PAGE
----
Avoid drowning readers in alphabet soup
Acronyms appear to speed communication. After all, if you can boil a multisyllabic pileup of words down into a handful of letters, that moves information faster, right?
“[Unfamiliar acronyms] create false economies,” write the editors of the SEC’s A Plain English Handbook. “They may save a few words, but they may also frustrate and force the reader to take more time and effort to understand the document.”
Besides, copy cluttered with capital letters looks like academic writing. It’s visually off-putting to readers because it looks as if it’s written in code.
So how do you avoid frustrating your readers with acronyms, in everything from blog posts to text messages?
How to handle acronyms
Here are six ways to avoid drowning your readers in alphabet soup that you won’t find in a style guide or publication manual:
1. Use familiar acronyms.
If the acronym is more familiar to your audience than the original term, go ahead and use it. “REITs,” for instance, may be easier to read when you’re writing to a group of real estate investors.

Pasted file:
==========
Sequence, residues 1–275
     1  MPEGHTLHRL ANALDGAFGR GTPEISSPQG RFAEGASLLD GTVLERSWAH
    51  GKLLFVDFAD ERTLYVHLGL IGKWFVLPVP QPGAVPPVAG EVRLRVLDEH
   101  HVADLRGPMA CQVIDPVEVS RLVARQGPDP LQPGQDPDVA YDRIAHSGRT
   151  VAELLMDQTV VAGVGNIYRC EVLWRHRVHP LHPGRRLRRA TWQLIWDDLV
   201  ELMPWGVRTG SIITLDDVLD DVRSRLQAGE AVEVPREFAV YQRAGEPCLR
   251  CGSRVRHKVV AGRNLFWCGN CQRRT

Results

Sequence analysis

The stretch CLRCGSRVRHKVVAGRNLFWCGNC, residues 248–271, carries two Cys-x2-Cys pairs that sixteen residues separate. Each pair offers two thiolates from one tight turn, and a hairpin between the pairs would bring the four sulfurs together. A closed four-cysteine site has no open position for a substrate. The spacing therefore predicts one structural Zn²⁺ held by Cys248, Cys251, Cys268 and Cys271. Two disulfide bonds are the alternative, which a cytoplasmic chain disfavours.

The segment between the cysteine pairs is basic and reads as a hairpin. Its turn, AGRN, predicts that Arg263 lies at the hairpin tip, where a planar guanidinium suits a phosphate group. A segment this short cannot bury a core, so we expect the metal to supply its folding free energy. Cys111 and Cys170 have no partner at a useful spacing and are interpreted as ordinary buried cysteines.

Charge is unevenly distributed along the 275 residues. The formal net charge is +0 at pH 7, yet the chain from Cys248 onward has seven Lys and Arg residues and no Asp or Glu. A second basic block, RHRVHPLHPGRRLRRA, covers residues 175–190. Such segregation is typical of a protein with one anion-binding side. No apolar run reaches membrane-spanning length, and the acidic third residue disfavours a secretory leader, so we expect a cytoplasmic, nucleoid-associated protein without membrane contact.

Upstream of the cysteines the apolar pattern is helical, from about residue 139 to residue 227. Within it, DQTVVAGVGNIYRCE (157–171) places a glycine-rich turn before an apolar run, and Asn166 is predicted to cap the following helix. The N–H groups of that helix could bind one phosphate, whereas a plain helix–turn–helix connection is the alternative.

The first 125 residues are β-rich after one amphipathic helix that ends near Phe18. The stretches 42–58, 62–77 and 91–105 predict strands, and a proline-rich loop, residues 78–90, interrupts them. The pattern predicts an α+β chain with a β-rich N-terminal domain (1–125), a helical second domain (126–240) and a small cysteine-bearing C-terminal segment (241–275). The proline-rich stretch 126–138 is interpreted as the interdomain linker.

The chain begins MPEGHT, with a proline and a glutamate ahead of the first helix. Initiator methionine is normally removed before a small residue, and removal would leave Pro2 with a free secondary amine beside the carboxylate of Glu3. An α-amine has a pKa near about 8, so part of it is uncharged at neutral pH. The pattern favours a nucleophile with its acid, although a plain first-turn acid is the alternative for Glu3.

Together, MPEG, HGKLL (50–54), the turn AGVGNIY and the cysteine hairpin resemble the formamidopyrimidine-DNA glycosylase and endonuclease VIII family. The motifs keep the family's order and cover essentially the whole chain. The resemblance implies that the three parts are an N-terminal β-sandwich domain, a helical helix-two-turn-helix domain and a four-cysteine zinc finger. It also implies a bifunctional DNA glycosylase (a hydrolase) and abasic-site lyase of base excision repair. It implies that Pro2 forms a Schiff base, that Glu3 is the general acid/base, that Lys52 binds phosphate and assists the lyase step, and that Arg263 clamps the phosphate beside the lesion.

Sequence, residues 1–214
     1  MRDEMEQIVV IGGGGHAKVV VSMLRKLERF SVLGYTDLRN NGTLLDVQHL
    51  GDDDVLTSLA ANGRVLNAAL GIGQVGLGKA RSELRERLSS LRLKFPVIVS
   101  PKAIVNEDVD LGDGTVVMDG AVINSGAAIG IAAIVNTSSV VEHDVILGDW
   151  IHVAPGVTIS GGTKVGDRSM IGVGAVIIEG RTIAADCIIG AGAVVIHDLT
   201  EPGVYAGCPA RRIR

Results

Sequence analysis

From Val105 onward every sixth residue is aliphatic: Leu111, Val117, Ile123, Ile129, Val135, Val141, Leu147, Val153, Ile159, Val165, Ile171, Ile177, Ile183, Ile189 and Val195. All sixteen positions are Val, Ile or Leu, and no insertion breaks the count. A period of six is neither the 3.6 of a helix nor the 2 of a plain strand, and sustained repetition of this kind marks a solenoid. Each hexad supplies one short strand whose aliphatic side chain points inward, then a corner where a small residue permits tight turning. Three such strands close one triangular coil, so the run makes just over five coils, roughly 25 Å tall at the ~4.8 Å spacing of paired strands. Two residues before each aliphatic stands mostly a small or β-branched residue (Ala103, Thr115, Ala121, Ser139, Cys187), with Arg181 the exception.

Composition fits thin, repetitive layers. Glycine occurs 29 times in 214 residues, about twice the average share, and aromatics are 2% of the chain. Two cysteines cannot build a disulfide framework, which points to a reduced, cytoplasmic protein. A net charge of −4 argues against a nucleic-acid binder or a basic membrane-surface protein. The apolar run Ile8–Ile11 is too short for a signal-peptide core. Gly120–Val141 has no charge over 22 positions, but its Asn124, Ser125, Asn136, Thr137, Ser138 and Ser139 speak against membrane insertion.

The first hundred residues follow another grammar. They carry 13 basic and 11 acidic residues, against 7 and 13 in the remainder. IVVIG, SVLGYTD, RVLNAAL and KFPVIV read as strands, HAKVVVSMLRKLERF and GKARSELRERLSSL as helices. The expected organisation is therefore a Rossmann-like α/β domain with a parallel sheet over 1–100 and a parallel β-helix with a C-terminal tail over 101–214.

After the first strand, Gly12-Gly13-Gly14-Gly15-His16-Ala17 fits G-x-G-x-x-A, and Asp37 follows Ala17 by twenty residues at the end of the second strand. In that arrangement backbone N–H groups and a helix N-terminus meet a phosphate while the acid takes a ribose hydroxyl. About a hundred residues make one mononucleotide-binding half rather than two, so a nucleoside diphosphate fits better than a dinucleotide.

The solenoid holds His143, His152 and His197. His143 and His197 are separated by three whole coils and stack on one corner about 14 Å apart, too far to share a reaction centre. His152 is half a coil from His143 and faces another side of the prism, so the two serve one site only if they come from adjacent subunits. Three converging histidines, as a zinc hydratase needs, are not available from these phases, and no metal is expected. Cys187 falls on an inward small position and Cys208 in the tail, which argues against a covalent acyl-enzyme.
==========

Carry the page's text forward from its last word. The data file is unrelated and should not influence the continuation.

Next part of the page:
2. Use a generic instead of an acronym.
Assign a generic word to substitute for the original phrase. Generics like “the program,” “the policy” or “the plan” often make perfect substitutes for corporate acronyms, abbreviations and initialisms.
3. Spell out acronyms.
In one of his famous letters to shareholders, Warren Buffett, chairman and CEO of Berkshire Hathaway, spells out an abbreviation:
4. Explain acronyms.
But spelling out the abbreviation isn’t enough. (Do you feel like you have a solid grounding in IBNR just because you know what the initials stand for? Didn’t think so.) So he clarifies the term with this explanation:
5. Illustrate acronyms.
That’s a little better. But I still don’t think I could explain IBNR to my friends. So Buffett illustrates the abbreviation with an apocryphal story:
6. Decipher alphabet soup.
Get help explaining acronyms with The Acronym Finder, a comprehensive database of acronyms, abbreviations and initialisms.
7. Skip the acronyms altogether.
As The Associated Press Stylebook counsels, “NNCBTPSNBRTASTSAFW.” That is, “Names not commonly before the public should not be reduced to acronyms solely to save a few words.”
Sources: Ann Wylie, Start Making Sense, Wylie Communications Inc., 1997
United States Securities and Exchange Commission, A Plain English Handbook: How to create clear SEC disclosure documents (PDF), August 1998
The Associated Press Stylebook and Briefing on Media Law, Perseus Books Group, July 15, 2002